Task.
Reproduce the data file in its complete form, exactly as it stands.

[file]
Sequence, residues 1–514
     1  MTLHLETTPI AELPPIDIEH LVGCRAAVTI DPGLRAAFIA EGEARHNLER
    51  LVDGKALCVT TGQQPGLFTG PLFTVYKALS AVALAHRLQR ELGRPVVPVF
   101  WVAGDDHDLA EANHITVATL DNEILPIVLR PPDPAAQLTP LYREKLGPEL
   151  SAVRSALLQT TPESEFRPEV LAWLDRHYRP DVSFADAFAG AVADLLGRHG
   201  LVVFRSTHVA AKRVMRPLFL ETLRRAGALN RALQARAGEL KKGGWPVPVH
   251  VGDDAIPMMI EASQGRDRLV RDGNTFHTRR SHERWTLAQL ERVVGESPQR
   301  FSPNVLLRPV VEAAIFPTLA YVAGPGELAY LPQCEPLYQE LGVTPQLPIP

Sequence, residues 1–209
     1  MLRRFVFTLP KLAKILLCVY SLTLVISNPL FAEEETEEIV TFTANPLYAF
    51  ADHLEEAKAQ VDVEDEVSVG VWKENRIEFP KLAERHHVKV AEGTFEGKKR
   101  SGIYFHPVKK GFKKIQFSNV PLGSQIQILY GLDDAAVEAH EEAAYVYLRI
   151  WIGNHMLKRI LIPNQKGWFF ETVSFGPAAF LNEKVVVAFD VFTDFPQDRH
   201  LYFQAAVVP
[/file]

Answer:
Sequence, residues 1–514
     1  MTLHLETTPI AELPPIDIEH LVGCRAAVTI DPGLRAAFIA EGEARHNLER
    51  LVDGKALCVT TGQQPGLFTG PLFTVYKALS AVALAHRLQR ELGRPVVPVF
   101  WVAGDDHDLA EANHITVATL DNEILPIVLR PPDPAAQLTP LYREKLGPEL
   151  SAVRSALLQT TPESEFRPEV LAWLDRHYRP DVSFADAFAG AVADLLGRHG
   201  LVVFRSTHVA AKRVMRPLFL ETLRRAGALN RALQARAGEL KKGGWPVPVH
   251  VGDDAIPMMI EASQGRDRLV RDGNTFHTRR SHERWTLAQL ERVVGESPQR
   301  FSPNVLLRPV VEAAIFPTLA YVAGPGELAY LPQCEPLYQE LGVTPQLPIP

Sequence, residues 1–209
     1  MLRRFVFTLP KLAKILLCVY SLTLVISNPL FAEEETEEIV TFTANPLYAF
    51  ADHLEEAKAQ VDVEDEVSVG VWKENRIEFP KLAERHHVKV AEGTFEGKKR
   101  SGIYFHPVKK GFKKIQFSNV PLGSQIQILY GLDDAAVEAH EEAAYVYLRI
   151  WIGNHMLKRI LIPNQKGWFF ETVSFGPAAF LNEKVVVAFD VFTDFPQDRH
   201  LYFQAAVVP